Record warmth and melting in Greenland during 2010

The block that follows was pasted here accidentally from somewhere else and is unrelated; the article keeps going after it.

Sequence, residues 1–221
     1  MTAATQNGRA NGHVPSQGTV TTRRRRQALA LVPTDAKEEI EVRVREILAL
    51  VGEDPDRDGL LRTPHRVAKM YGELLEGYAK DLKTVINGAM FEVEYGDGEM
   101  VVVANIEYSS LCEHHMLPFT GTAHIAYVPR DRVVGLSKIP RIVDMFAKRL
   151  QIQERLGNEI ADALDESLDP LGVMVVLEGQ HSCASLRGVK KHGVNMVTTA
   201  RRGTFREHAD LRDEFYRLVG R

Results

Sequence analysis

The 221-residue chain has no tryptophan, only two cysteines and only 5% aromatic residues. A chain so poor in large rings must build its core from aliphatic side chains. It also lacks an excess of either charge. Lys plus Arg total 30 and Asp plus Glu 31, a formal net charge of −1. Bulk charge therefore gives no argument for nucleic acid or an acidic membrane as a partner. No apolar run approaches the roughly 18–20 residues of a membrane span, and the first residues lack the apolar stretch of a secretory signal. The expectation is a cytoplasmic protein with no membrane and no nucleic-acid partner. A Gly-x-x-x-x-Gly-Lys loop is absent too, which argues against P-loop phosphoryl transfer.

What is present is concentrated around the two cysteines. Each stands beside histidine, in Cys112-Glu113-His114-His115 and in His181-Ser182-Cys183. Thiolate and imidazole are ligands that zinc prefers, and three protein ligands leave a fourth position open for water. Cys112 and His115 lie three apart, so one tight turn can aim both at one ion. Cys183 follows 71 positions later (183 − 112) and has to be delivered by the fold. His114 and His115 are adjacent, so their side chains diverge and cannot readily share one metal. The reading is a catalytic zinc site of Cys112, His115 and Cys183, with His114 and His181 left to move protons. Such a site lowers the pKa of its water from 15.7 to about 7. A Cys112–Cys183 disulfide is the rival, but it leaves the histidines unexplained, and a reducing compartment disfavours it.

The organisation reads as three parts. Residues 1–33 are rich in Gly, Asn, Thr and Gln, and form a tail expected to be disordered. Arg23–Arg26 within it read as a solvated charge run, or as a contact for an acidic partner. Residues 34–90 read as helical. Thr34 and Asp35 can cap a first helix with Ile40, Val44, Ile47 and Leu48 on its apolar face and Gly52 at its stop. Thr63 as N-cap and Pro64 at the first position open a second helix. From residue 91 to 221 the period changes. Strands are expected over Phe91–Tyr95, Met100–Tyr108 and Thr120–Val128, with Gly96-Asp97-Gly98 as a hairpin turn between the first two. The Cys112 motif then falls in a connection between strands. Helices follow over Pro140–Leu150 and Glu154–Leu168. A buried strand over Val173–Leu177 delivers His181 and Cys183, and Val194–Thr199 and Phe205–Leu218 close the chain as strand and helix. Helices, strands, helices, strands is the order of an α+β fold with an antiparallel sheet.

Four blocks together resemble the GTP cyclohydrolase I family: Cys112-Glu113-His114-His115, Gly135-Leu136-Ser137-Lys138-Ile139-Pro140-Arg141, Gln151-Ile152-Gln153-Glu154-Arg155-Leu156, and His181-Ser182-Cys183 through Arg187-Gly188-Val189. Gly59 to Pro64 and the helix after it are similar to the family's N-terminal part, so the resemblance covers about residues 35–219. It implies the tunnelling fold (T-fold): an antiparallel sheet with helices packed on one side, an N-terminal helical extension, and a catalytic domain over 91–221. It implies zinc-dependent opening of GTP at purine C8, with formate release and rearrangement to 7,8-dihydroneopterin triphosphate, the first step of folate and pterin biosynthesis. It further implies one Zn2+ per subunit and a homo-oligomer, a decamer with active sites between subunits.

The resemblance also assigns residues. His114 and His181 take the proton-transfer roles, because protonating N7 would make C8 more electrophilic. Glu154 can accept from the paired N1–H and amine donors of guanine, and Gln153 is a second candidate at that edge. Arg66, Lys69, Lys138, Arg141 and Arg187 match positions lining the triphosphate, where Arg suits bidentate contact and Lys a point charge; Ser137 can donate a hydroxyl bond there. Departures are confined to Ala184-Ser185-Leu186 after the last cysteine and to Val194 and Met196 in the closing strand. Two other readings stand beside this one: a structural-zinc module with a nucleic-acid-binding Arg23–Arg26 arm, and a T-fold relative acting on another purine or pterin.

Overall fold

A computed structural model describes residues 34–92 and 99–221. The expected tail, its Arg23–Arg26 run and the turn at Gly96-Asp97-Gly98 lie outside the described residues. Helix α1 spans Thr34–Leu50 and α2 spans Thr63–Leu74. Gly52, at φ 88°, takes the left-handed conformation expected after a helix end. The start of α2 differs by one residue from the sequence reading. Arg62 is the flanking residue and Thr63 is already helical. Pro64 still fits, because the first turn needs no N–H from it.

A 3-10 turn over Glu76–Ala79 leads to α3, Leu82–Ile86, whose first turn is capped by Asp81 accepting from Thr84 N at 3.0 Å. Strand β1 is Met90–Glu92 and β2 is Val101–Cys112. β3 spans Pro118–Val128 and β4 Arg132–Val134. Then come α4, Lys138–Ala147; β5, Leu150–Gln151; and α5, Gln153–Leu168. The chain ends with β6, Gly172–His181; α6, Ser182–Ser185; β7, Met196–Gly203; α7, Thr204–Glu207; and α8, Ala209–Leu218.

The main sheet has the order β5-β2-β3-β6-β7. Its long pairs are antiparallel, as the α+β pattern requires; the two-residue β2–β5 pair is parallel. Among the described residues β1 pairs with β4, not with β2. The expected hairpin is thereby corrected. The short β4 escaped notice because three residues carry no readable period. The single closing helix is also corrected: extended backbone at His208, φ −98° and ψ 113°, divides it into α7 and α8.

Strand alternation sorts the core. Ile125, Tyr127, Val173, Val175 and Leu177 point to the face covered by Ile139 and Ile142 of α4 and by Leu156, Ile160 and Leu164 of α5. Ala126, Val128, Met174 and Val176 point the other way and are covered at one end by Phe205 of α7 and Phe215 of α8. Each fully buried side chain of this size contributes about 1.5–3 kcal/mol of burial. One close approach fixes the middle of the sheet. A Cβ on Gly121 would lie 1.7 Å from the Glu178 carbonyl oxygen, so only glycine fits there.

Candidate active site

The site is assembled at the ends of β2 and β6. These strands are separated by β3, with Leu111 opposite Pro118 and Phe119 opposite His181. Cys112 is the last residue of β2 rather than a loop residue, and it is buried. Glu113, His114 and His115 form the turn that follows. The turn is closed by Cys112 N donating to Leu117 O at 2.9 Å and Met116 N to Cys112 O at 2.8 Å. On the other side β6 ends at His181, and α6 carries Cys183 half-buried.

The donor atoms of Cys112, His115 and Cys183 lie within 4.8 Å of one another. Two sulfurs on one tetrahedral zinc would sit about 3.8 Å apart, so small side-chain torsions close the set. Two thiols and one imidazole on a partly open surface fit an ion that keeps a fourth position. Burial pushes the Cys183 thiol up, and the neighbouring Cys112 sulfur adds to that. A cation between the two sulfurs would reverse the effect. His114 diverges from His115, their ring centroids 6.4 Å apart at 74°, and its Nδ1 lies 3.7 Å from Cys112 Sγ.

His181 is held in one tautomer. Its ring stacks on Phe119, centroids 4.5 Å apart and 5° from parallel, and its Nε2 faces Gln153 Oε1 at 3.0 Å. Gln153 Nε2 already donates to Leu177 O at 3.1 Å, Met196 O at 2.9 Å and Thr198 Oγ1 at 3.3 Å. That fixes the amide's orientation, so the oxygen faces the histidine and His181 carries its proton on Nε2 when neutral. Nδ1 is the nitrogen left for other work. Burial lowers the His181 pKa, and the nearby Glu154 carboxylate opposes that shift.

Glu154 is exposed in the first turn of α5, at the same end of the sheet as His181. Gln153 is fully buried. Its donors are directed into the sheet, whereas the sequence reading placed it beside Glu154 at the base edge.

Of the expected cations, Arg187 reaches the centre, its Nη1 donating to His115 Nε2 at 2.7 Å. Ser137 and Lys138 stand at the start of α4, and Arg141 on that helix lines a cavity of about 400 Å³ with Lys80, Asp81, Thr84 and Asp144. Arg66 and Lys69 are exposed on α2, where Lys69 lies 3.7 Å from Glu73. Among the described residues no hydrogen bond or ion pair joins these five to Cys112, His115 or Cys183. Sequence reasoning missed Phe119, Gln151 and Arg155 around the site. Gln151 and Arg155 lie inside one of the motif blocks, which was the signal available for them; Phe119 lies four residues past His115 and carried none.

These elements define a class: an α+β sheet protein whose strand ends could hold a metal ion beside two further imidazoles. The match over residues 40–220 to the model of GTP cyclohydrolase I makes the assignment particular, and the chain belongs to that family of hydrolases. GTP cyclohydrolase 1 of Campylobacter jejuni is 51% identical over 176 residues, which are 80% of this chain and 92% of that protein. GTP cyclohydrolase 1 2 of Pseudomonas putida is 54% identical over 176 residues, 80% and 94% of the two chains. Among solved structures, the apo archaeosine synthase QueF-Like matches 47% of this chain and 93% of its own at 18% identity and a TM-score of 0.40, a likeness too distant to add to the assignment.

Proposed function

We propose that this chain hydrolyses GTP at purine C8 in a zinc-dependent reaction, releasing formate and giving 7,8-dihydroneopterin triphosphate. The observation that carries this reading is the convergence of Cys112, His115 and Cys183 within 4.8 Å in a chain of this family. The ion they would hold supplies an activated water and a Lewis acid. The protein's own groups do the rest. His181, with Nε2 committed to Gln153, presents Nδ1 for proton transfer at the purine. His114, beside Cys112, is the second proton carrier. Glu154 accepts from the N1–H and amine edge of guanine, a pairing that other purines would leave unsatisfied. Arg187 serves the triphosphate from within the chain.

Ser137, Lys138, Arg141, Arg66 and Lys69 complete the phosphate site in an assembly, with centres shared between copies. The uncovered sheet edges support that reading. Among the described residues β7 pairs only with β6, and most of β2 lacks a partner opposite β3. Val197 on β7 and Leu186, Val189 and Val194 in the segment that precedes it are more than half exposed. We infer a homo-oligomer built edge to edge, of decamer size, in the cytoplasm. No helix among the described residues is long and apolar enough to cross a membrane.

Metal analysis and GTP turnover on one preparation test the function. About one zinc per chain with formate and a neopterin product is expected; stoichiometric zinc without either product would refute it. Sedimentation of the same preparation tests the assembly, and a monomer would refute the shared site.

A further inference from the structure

Greenland's climate in 2010 was marked by record-setting high air temperatures, the greatest ice loss by melting since accurate records began in 1958, and the greatest mass loss of ocean-terminating glaciers on record. That was the conclusion of the 2010 Arctic Report Card, a collaborative effort between NOAA and European Arctic experts that comes out each year. Was 2010 the warmest year in Greenland's history? That is difficult to judge. We know it was also very warm in the late 1920s and 1930s in Greenland, but we only have two stations, Godtahab Nuuk and Angmagssalik, with weather records that go back that far (Figure 3.) Godtahab Nuuk set a record high in 2010, but temperatures at Angmagssalik in 2010 were similar to what was observed during several years in the 1920s and 1930s. Marco Tedesco of the City College of New York's Cryosphere Processes Laboratory remarked that last year's record warmth and melting in Greenland began when an unusually early spring warm spell reduced and "aged" the snow on the surface of the ice sheet, so that the snow became less reflective, allowing it to absorb more heat from the sun. This accelerated snow melt even further, exposing the bare ice, which is less reflective than snow and absorbs more heat. This feedback loop extended Greenland's record melting season well into the fall.